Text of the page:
Apologizing Queen, One of My Old Personas

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I frequently refer to myself as a recovering people-pleaser. I previously would find myself not having the trust and faith in myself and my decisions to voice my thoughts and opinions. I didn’t want to cause any interruptions in the status quo and wanted others to be happy, so I would frequently put others’ needs before my own. I thought this was the path to a happy and conflict-free life.

 

It wasn’t.  

 

Don’t get me wrong, I didn’t mind. I found joy in it. Right up until didn’t. Right up until I would feel unseen, frustrated, and had resentments build up. Then I would get mad, try to voice my needs, and endure the arguments that would come next. Something had to change.

 

I had to change.

 

One of the first steps towards recovery was learning what to apologize for and when. I would apologize for everything. If I was late because of a vehicle accident, I would say “I’m sorry.” If it rained when I had planned a walk, I would apologize. Someone would step on the back of my shoe in a crowd. You guessed it, I would say “I’m sorry.”

 

I never even realized it until one day someone asked me why I apologized for everything. That really made me stop and think.

 

Why am I sorry for all these things out of my control? What am I getting out of saying “I’m sorry” for everything? Why am I doing this?

 

I couldn’t come up with any good answers and, the more I thought and read about it, I realized my constant apologizing was deteriorating my self-esteem, let alone diminishing the value of any true apology I would give. 

Apologizing excessively can have several detrimental effects on people-pleasers:

  1. Diminished Self-Worth: Constantly apologizing for minor things sends a message to yourself that you are at fault or inherently flawed. Over time, this can erode your self-esteem, making it challenging to assert your needs and opinions confidently.
  2. Disempowerment: Frequent apologies give away your power by conveying that your actions or existence are inconveniences. This can perpetuate a cycle of self-doubt and inhibit you from expressing your true self or standing up for what you believe in.
  3. Communication Barriers: Over-apologizing can create communication challenges. By habitually saying sorry, you may avoid expressing your thoughts, opinions, or boundaries, leading to misunderstandings and unmet needs in your relationships.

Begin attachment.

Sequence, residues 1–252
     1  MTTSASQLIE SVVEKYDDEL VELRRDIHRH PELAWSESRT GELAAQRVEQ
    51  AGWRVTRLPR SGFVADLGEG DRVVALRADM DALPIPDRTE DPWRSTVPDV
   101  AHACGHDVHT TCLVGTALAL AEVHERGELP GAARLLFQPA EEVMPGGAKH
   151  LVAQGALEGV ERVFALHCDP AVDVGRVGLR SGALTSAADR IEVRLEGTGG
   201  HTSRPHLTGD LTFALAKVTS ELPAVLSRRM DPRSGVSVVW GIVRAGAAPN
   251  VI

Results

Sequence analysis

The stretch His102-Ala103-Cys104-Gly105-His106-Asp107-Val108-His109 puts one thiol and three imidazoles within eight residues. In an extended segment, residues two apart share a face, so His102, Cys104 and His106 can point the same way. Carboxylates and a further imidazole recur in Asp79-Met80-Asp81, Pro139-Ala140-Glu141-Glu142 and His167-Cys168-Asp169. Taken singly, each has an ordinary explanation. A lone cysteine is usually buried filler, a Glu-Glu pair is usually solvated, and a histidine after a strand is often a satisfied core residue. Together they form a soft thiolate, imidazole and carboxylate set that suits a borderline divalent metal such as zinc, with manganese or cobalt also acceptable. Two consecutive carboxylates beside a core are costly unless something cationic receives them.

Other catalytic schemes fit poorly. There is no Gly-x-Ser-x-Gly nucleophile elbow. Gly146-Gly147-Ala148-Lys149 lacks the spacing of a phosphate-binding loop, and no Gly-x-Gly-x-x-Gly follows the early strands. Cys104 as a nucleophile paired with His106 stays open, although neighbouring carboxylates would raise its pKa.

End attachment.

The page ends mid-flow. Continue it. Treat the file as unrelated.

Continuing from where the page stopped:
Do you want to come off as a disempowered person with no self-confidence or self-esteem who can’t communicate?

I didn’t, as I knew that wasn’t me.  

Let me give you a couple of pointers as to how I stopped apologizing excessively and that helped me to maintain respectful communication without undermining my power.

It starts with mindfulness and self-awareness. Start by paying attention to situations where you tend to over-apologize. Ask yourself if an apology is truly warranted or if an alternative phrase would be more appropriate.

Challenge the belief that you are responsible for others’ emotions or reactions. Remember, you have a right to your feelings, opinions, and boundaries, and expressing them respectfully is an essential part of healthy relationships.

Not sure exactly what to say if you aren’t using an apology? Here is a list of alternate phrases you can use instead:

  1. Express empathy or understanding:
    • “I appreciate your perspective on this.”
    • “I understand where you’re coming from.”
    • “I see how that could be frustrating.”
  2. Offer gratitude or appreciation:
    • “Thank you for your patience.”
    • “I’m grateful for your understanding.”
    • “I appreciate your flexibility.”
  3. Take responsibility without apologizing:
    • “I will take that into consideration.”
    • “I understand my role in this.”
    • “I will make an effort to improve.”
  4. Clarify or rephrase:
    • “To clarify, I meant…”
    • “Let me rephrase that more clearly.”
    • “Allow me to provide more context.”
  5. Assert boundaries or express needs:
    • “I would prefer…”
    • “My boundary in this situation is…”
    • “It’s important for me to…”

If you are like me and find yourself saying “I’m sorry” frequently throughout your day, take a step back and see how that is affecting you. Are you struggling with your self-confidence or self-worth? Are you unintentionally giving up your power? 

Today is the perfect day to change that!

Next time you catch yourself saying “I’m sorry” I want you to take note of it. Can you think of another empowering way to say what you just said? If not, come back to this list above. If you are still struggling, drop me a line at Steph@KoruLifeCoaching.com, and let me help you! Let me help you find your self-worth because you are worth it!! A simple change is the start of a new you!

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